As detailed in many news papers and other media outlets last week, including the Boston Globe, the FDA will be approving over-the-counter Plan B for people ages 17 and older.
Plan B, also known as emergency contraception (EC), is medication that uses a high dose of hormones to prevent a fertilized egg from attaching to the uterine lining, which prevents pregnancy; if a woman takes it within three days of having unprotected sex (or sex with faulty birth control), she has an approximately 89% chance of preventing possible pregnancy. Plan B does not induce abortion; it will not affect a pregnancy that has already occurred.
Why is it so important that emergency contraception be available over-the-counter (or, more accurately, behind the counter)? And why is it so essential that it be available to women who are under the legal age to have sex (but still above the age of consent)?
First of all, we need to have EC available over-the-counter. After all, what’s the alternative? Let’s say a man and a woman have sex on a Friday afternoon, and the condom breaks; can the woman call her doctor and make an appointment? Probably not. Many clinics aren’t open on Saturdays either, which means that there’s a high chance the woman will have to wait until Monday to see her doctor, if she’s not, you know, at work or in class. If she can’t take herself to the appointment, she’ll have to get someone to take her (like a parent). And EC is most effective the sooner it’s taken.
With EC over-the-counter, this woman could just go to the store (or her sexual partner could go to the store) and pick up some EC so she can start taking it right away. Tadah.
Next, why is this drop in age so important? Consider that many teens under the age of 18 are having sex; even if it seems irresponsible at that age, or perhaps not the wisest decision, it’s happening. Denying it won’t make it stop. And so it stands to reason that women under the age of 18 might find themselves in a tough situation, where they didn’t realize they could insist on using contraception, couldn’t access it, or used it and had it malfunction (condoms do break, and aren’t even 100% effective when used perfectly). If you’re a high school aged woman, you might be keeping sex a secret from your parents; how are you supposed to explain to them that you might get pregnant and you need to hit up the doctor?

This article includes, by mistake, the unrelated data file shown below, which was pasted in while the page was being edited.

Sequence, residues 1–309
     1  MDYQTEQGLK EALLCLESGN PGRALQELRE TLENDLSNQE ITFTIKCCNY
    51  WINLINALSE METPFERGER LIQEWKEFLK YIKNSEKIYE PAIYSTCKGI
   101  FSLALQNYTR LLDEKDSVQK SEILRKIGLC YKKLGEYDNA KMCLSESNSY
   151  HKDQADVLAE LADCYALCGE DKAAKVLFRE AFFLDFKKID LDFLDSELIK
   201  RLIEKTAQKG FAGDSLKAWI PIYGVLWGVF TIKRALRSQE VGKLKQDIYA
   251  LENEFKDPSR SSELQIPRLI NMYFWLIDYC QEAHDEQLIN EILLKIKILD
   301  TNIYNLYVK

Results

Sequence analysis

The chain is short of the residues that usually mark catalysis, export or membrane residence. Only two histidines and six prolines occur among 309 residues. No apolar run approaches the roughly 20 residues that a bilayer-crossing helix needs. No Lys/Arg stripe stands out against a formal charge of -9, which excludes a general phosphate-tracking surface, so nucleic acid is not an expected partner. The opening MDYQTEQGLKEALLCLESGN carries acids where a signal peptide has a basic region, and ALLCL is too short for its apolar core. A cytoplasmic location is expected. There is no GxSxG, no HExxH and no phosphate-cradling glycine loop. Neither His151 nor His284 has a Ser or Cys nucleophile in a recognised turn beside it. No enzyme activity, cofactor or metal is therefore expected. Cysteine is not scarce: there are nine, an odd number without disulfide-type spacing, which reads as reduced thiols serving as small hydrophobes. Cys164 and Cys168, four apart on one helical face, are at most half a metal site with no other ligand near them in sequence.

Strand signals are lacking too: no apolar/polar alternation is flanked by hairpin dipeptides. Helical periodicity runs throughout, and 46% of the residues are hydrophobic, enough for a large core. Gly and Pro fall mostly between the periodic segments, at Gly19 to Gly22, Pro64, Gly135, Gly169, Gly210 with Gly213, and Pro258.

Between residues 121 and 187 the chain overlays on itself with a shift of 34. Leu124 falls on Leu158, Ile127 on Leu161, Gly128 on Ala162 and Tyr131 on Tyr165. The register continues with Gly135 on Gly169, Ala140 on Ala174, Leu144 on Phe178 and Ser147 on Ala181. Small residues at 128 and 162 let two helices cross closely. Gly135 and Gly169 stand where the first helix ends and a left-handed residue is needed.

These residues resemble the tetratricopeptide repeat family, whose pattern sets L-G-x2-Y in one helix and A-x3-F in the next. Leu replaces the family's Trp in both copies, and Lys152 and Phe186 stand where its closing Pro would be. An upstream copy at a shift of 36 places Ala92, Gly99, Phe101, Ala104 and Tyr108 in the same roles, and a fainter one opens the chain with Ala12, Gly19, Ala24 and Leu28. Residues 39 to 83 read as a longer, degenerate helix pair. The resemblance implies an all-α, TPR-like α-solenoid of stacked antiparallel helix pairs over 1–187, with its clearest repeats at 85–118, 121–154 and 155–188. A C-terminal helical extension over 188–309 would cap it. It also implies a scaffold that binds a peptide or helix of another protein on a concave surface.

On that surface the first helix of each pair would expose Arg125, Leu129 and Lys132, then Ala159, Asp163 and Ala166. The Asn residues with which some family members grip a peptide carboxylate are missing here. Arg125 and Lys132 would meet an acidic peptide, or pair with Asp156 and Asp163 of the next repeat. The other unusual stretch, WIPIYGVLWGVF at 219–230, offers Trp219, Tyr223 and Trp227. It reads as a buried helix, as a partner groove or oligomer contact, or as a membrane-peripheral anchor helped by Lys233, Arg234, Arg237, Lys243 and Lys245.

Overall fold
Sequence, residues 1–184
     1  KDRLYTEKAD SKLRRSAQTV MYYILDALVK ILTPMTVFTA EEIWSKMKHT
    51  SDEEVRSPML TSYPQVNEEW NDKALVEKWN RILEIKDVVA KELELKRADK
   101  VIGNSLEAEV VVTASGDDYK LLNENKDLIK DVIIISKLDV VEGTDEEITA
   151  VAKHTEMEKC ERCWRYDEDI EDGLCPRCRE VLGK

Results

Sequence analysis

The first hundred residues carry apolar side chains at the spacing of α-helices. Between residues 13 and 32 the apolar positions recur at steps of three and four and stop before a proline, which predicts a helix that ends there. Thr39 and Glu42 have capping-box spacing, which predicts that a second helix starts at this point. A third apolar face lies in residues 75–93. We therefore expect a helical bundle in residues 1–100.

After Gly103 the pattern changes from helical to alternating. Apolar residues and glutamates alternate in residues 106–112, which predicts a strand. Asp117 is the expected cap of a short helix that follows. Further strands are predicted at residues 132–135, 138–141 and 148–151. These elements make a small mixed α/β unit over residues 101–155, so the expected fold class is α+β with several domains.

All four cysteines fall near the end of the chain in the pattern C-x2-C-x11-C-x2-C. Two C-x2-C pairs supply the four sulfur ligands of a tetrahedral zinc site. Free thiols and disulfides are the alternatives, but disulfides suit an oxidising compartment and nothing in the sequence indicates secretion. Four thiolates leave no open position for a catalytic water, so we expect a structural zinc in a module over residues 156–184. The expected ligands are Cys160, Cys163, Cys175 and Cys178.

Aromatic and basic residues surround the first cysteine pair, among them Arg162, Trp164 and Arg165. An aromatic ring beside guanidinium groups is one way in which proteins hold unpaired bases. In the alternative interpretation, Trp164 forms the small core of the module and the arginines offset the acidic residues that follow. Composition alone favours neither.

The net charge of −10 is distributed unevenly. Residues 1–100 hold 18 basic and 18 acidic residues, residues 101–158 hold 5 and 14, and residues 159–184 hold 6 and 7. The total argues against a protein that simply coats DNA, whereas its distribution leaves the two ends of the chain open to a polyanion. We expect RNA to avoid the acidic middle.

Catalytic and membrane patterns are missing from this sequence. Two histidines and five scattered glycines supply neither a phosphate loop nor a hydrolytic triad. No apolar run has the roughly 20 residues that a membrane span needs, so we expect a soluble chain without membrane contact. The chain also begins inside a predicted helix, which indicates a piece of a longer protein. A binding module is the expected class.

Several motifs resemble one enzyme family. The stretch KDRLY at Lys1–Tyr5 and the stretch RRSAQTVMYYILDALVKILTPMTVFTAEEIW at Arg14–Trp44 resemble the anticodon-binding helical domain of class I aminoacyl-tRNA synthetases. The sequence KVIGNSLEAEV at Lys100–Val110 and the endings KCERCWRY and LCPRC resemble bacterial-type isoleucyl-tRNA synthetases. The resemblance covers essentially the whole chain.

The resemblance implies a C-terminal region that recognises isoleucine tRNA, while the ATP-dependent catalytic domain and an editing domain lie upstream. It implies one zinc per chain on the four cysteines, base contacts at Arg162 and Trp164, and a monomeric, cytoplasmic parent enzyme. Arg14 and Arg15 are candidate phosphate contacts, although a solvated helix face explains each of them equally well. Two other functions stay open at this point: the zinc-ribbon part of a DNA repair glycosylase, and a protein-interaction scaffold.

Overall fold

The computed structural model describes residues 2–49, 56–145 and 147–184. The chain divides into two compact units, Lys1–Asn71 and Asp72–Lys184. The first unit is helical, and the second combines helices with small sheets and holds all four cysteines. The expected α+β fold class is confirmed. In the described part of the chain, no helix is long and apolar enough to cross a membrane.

Conservatives against this measure argue that since 17-year-olds shouldn’t be having sex, they don’t need access to Plan B. Many also argue that preventing a fertilized egg from attaching to the uterine lining is the same thing as abortion.
Of course, arguing that 17-year-olds shouldn’t be having sex is silly; it doesn’t matter if they should or shouldn’t because many are. Not all are, of course; but those who decide to should have access to the right information and resources, including contraception and emergency contraception.
And it’s also inaccurate to claim that EC is an abortion pill. If a fertilized egg doesn’t adhere to the uterine lining, there’s no pregnancy, regardless of what prevented the adherence (EC, chance, biology). The argument against EC on these grounds is nothing more than the basic “all contraception is wrong” argument that many people believe in, but that is not a scientific or legal issue (merely a personal and/or religious one).
What’s the next step here? While, again, many people aren’t happy with the availability of EC to anyone and even more unhappy with the lower age restriction, the age restriction needs to be abolished completely. EC isn’t like cigarettes. It’s not recreational. It’s there for women’s health purposes, and it’s for emergencies. The side effects are generally the same as the side effects that many women experience from high-dose birth control pills. EC is not dangerous to take, but who would take it unless they needed to? I, for one, have had to switch to lower-dose birth control because having morning sickness ain’t fun; there’s no basis for believing that women will take EC for funsies.
Will it make women less responsible about birth control? Well, birth control is a two-way street; men and women need to be responsible for it. And just as better sex education (as opposed to abstinence-only sex education) improves contraception use and seems to be a better way to reduce abortion rates (as abstinence-only has failed miiiiserably), it will probably help keep the need for EC lower than opponents fear it might be.
Let’s not let “slippery slope” and morality arguments prevent women from accessing what is needed to be healthy and retain choice. And remember, EC is available at Tufts Health Services.